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MRC Mitochondrial Biology Unit


In a consensus statement published today in Nature Metabolism, Professor Mike Murphy and collaborative experts from across the globe illuminate problems that can arise with many commonly used approaches for measurement of ROS and oxidative damage, and propose guidelines for best practice.

Multiple roles of reactive oxygen species (ROS) and their consequences for health and disease are emerging throughout biological sciences. This development has led researchers unfamiliar with the complexities of ROS and their reactions to employ commercial kits and probes to measure ROS and oxidative damage inappropriately, treating ROS (a generic abbreviation) as if it were a discrete molecular entity. Unfortunately, the application and interpretation of these measurements are fraught with challenges and limitations. This can lead to misleading claims entering the literature and impeding progress, despite a well-established body of knowledge on how best to assess individual ROS, their reactions, role as signalling molecules and the oxidative damage that they can cause.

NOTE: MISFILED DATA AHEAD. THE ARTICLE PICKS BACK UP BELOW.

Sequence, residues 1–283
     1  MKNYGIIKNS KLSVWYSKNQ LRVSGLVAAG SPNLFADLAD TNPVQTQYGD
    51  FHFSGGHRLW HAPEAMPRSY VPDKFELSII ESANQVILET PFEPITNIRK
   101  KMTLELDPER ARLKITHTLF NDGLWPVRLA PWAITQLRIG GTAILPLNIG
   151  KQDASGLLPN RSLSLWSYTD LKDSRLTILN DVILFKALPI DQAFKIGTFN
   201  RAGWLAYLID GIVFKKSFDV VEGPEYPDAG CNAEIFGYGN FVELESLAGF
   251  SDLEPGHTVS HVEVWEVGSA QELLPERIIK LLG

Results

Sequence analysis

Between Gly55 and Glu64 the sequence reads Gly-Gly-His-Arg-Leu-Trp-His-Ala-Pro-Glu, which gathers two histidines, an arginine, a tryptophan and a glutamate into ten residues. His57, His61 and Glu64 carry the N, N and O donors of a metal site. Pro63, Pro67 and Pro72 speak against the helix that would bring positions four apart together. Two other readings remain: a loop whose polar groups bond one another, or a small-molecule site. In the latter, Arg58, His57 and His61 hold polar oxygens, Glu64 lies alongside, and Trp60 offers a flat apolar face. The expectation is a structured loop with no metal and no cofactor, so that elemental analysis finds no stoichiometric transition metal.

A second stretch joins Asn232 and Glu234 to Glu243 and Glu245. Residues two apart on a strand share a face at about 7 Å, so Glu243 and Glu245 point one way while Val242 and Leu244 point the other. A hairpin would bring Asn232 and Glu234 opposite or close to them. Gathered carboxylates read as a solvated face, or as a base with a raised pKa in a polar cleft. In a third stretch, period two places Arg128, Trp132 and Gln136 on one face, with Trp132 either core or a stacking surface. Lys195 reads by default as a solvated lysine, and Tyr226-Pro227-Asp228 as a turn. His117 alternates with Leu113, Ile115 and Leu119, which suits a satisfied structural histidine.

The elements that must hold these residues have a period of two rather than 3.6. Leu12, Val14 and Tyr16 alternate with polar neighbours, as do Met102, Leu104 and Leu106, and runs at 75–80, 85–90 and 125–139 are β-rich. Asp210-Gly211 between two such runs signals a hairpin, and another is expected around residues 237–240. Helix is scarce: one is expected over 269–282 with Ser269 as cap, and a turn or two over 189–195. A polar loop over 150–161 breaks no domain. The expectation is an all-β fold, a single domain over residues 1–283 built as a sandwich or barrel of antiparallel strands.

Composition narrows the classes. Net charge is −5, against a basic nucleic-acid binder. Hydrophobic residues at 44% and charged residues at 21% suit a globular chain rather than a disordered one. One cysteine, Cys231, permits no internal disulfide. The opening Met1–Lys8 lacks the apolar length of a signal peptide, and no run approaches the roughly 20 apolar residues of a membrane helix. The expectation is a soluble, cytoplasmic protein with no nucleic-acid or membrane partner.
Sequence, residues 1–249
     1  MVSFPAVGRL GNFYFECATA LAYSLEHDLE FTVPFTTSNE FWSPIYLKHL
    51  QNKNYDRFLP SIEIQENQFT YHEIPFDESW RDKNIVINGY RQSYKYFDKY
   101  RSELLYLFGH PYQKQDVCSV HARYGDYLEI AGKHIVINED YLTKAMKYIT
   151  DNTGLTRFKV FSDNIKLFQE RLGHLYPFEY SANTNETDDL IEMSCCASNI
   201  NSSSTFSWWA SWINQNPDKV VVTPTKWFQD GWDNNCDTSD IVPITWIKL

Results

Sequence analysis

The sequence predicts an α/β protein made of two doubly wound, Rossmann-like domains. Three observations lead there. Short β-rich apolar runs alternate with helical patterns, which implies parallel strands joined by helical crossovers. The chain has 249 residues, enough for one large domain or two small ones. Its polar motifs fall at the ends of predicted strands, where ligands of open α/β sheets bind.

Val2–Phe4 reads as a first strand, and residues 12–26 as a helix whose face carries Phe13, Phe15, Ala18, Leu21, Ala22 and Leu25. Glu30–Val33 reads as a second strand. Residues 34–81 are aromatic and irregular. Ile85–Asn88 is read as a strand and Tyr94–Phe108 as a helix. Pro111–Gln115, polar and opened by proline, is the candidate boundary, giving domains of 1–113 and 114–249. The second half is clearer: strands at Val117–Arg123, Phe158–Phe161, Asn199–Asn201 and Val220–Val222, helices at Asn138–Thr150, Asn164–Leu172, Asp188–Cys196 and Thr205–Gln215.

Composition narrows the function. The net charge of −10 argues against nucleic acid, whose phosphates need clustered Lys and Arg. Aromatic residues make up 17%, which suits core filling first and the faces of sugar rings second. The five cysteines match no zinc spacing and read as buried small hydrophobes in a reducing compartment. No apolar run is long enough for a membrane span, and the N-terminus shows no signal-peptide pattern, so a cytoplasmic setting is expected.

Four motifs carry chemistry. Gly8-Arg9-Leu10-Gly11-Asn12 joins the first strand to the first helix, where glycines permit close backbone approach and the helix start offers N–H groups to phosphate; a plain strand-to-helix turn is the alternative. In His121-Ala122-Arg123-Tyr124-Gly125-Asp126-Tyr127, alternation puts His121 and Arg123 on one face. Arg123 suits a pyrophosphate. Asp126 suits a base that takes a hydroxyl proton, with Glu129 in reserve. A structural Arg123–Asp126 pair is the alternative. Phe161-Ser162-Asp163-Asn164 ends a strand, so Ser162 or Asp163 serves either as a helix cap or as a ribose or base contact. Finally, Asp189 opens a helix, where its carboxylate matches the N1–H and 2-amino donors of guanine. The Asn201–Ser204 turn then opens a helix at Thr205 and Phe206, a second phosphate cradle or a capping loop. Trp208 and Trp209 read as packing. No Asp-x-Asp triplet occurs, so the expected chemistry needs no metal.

The authors hope that their proposed strategies will be useful to those who find their research requiring assessment of ROS, oxidative damage and redox signalling in cells and in vivo.

Full article reference:

Murphy, M.P., Bayir, H., Belousov, V. et al. Guidelines for measuring reactive oxygen species and oxidative damage in cells and in vivo. Nat Metab (2022).